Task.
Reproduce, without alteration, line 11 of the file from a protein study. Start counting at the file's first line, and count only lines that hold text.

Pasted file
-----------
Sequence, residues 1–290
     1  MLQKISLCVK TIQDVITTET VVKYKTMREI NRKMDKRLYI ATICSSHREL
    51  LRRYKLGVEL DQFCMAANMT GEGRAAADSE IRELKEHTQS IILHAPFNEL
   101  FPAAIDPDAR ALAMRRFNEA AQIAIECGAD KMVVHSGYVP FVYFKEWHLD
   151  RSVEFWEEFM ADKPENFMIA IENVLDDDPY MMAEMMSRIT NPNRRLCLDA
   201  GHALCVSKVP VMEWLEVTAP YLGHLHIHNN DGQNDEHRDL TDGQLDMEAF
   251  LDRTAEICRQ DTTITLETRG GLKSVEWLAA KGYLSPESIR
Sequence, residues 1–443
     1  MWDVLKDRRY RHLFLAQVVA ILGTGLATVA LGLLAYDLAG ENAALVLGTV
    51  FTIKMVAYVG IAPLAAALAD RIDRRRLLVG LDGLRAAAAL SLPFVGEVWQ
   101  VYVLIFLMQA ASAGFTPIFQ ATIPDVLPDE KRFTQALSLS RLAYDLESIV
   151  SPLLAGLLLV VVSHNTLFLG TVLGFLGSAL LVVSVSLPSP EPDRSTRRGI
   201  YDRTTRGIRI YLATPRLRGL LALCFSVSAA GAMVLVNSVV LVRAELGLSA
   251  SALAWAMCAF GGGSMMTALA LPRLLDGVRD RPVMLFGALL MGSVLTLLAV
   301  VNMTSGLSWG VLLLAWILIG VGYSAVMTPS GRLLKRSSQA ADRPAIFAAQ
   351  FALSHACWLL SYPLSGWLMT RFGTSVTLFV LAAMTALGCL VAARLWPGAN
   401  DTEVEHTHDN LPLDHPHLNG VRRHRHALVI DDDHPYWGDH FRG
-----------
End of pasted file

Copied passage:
   101  VYVLIFLMQA ASAGFTPIFQ ATIPDVLPDE KRFTQALSLS RLAYDLESIV